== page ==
Posted Wednesday, 28 August 2019
What do you see? How many?
Scott and Ryan use unit chats as quick and engaging ways to warm-up a maths lesson.
We're open on the WA Day public holiday (5 June)
We're open on the WA Day public holiday (5 June)
Jodie uses warm-up activities to encourage her class to speak up and join in with class discussions.
Hi it’s Jodie Walton again and welcome back to our Alcoa Champion of Maths blog. What a busy time we have had with this wonderful mentoring program. My first blog entry covered ‘Discussion is Critical to Understanding’. This time around I would like to talk about getting students to participate verbally, without the fear of getting the answer wrong. Throughout the program, one of the main emphases has been on discussions. Discussion between the students as well as discussion with the students to try and increase mathematical understandings.
This year I have a class where many of the students are very reluctant to voice any opinion on mathematical matters. Have you ever had one of those classes that are chatty all the time until you ask them a mathematical question? Then there is stunned, terrified silence, except for those 3 souls who always have an answer. Well, that is the class I have this year. During the year I have managed to get more students to give answers and participate in discussions, but frankly, many days feel like I have been at a dentist surgery trying to pull out all those teeth. I have used all those great strategies like pulling names out of a hat, ‘Popcorn’ sharing and my favourite ‘Think Pair Share’ to try and get students to participate in the discussion only to call out a name and have total silence, the class sitting and waiting patiently or sometimes not so patiently.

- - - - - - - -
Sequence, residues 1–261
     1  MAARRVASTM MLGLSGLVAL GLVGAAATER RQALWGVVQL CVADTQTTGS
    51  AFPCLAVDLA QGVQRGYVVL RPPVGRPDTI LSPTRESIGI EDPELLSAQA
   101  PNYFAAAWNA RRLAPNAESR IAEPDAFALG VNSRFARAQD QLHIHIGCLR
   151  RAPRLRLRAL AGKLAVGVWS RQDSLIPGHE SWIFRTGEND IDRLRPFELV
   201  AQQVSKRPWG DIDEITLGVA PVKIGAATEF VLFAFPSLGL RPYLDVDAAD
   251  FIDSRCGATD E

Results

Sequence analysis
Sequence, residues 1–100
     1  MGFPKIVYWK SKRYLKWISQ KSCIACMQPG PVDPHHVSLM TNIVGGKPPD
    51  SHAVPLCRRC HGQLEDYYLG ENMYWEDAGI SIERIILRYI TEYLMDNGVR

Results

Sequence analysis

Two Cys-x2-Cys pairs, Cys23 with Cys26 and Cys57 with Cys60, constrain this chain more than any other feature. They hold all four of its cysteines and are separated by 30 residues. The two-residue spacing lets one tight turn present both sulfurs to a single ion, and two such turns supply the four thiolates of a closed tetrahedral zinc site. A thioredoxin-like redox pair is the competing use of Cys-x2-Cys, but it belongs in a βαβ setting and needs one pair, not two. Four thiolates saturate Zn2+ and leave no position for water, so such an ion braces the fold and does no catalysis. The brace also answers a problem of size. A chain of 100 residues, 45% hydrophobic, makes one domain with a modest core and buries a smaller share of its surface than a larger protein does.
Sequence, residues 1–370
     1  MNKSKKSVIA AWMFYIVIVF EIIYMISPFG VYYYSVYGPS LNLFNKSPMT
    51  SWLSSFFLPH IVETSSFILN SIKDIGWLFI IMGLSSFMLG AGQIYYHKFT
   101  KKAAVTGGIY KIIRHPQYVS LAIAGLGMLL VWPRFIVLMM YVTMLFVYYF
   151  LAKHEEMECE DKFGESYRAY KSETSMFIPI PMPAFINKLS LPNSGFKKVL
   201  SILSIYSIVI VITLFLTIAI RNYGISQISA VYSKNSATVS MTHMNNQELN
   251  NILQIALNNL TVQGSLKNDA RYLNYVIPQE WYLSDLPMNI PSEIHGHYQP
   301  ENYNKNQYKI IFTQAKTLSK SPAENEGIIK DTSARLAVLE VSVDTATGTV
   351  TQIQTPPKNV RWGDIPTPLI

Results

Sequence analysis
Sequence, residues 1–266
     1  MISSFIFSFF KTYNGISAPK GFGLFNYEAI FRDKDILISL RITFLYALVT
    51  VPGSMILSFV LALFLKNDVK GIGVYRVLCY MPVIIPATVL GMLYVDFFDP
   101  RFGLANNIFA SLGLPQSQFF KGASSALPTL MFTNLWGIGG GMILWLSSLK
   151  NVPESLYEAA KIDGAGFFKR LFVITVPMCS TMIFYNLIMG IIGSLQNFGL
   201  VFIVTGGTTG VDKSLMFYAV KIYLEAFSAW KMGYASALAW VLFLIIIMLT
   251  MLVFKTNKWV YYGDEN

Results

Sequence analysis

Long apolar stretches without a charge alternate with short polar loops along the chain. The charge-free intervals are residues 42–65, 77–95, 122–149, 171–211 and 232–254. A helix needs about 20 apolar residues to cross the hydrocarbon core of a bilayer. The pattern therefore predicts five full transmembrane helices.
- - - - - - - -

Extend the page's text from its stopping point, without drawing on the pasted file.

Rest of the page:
While doing the reasoning element of our program, Shyam put up some problems that promoted discussion within our group. Not only were they interesting problems, but the great thing about them was that there were no wrong answers. After much investigation, I have found many more such problems and many of them are available free on the internet.
So in this blog, I am going to share a few which I have found work very well in my class and how I have put them in place to promote mathematical discussion, increase confidence, and enhance vocabulary. You may be able to tell that I am thrilled with the way these problems have worked.